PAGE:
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Q When the jeep gave way to the cargo truck and it kept its path to the right, it was still able to maintain that path to the right for about twenty meters and while the jeep and the cargo truck were running side by side?
Q When the truck and the jeep were already running side by side and after having run twenty meters side by side, do you know why the jeep careened to the ditch or to the canal?
A I do not know why but I know it slowly got to the canal but I do not know why it goes there.
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Q You said when the jeep was about to be lodged in the canal, you stated that the jeep was running upright, is that a fact?
Q So that the terrain was more or less level because the jeep was already running upright, is that not correct?
A The jeep was running on its wheels but it is running on the side, the side was inclining until it reached the ditch.
Q You mean to tell the Court that from the entire of the fifteen meters distance from the side of the road up to the place where the jeep was finally lodged that place is inclining towards the right?
A When the jeep left the road it was already inclining because it was running part side of the road which is inclining. (Transcript of March 25 and 26, 1963).
Thus, had Montefalcon slackened the speed of the jeep at the time the truck was overtaking it, instead of running side by side with the cargo truck, there would have been no contact and accident. He should have foreseen that at the speed he was running, the vehicles were getting nearer the bridge and as the road was getting narrower the truck would be to close to the jeep and would eventually sideswiped it. Otherwise stated, he should have slackened his jeep when he swerved it to the right to give way to the truck because the two vehicles could not cross the bridge at the same time.
The second assigned error is centered on the alleged failure on the part of the jeepney driver to exercise extraordinary diligence, human care, foresight and utmost diligence of a very cautious person, when the diligence required pursuant to Article 1763 of the Civil Code is only that of a good father of a family. Petitioners contend that the proximate cause of the accident was the negligence of the driver of the truck. However, the fact is, there was a contract of carriage between the private respondent and the herein petitioners in which case the Court of Appeals correctly applied Articles 1733, 1755 and 1766 of the Civil Code which require the exercise of extraordinary diligence on the part of petitioner Montefalcon.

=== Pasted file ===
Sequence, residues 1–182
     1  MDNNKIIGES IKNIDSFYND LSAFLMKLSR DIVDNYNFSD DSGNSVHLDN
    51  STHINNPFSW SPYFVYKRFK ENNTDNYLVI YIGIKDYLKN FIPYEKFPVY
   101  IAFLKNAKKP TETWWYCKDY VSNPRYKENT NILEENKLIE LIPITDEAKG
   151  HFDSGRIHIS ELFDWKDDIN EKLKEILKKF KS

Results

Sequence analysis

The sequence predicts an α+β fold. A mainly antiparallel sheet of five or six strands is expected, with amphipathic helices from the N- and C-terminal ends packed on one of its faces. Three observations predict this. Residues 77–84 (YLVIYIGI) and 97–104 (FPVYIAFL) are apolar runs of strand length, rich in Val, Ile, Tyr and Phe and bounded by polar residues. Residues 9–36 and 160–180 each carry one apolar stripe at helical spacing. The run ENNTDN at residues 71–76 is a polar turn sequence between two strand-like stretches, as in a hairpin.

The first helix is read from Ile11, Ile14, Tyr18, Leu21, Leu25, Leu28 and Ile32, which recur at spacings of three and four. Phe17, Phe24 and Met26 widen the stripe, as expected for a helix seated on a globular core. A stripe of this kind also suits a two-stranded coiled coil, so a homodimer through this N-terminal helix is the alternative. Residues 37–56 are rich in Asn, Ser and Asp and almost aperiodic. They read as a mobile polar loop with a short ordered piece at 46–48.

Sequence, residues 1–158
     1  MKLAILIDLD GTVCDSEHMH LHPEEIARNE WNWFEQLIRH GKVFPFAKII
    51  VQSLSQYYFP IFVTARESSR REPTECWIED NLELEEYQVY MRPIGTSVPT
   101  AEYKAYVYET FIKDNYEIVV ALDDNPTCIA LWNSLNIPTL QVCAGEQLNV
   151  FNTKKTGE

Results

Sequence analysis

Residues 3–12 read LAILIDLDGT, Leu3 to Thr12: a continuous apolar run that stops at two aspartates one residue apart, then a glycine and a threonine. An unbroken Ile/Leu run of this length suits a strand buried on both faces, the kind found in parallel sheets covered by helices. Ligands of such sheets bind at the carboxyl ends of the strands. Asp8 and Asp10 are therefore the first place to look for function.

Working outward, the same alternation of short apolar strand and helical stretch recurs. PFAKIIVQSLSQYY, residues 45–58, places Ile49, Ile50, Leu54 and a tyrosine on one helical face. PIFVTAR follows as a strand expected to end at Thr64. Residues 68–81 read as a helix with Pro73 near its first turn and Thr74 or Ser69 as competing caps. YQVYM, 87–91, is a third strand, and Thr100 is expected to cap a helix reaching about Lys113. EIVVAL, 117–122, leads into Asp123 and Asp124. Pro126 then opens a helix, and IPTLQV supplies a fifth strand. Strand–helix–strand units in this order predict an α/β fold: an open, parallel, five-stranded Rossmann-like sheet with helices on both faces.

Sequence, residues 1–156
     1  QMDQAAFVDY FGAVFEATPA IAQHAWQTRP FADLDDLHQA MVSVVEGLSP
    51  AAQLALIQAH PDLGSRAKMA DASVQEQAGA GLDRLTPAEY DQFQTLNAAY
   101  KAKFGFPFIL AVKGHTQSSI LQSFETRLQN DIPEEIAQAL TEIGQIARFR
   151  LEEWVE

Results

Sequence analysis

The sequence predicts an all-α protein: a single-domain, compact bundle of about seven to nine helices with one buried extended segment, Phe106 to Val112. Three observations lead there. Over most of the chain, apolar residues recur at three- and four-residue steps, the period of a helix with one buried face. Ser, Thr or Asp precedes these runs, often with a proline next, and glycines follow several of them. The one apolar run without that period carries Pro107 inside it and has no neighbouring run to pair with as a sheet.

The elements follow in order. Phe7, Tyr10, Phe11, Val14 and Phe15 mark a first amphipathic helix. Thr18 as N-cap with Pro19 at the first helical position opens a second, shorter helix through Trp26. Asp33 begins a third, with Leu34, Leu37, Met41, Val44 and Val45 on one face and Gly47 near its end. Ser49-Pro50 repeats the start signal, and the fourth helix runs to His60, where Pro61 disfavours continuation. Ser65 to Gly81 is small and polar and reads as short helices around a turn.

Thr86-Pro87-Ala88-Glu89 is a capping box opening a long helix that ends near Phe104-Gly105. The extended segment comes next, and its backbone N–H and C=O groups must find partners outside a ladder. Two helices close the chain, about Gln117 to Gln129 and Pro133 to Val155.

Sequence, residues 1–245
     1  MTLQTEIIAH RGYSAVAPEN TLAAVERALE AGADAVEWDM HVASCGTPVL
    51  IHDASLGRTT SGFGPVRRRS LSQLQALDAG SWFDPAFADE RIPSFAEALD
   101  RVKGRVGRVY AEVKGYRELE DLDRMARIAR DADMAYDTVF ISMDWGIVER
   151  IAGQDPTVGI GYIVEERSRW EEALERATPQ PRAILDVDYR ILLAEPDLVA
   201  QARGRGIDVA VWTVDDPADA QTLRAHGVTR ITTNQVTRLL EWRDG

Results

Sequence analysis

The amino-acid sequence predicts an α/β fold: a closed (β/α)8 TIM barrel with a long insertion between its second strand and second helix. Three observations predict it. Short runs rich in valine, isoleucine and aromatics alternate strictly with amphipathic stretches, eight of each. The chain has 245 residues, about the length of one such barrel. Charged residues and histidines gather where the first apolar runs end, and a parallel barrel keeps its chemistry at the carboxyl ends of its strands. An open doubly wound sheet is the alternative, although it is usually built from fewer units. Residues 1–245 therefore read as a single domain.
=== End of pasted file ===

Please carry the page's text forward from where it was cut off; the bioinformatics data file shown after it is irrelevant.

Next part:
Art. 1733. Common carriers, from the nature of their business and for reasons of public policy, are bound to observe extraordinary diligence in the vigilance over the goods and for the safety of the passengers transported by them, according to all the circumstances of each case.
Art. 1755. A common carrier is bound to carry the Passengers safely as far as human care and foresight can provide, using the utmost diligence of very cautious persons, with a due regard for all the circumstances.
Art. 1766. In all matters not regulated by this Code, the rights and obligations of common carriers shall be governed by the Code of Commerce and by special laws.
Indeed, the hazards of modern transportation demand extraordinary diligence. A common carrier is vested with public interest. Under the new Civil Code, instead of being required to exercise mere ordinary diligence a common carrier is exhorted to carry the passengers safely as far as human care and foresight can provide "using the utmost diligence of very cautious persons." (Article 1755). Once a passenger in the course of travel is injured, or does not reach his destination safely, the carrier and driver are presumed to be at fault.
The third assigned error of the petitioners would find fault upon respondent court in not freeing petitioners from any liability, since the accident was due to a fortuitous event. But, We repeat that the alleged fortuitous event in this case - the sideswiping of the jeepney by the cargo truck, was something which could have been avoided considering the narrowness of the Sumasap Bridge which was not wide enough to admit two vehicles. As found by the Court of Appeals, Montefalcon contributed to the occurrence of the mishap.
WHEREFORE, the decision of the respondent Court of Appeals, dated September 30,1971, is hereby AFFIRMED. With costs.
Melencio-Herrera, ** Plana, Vasquez and Gutierrez, Jr., JJ., concur.
Teehankee, J., is on leave.
** Acting Chairman.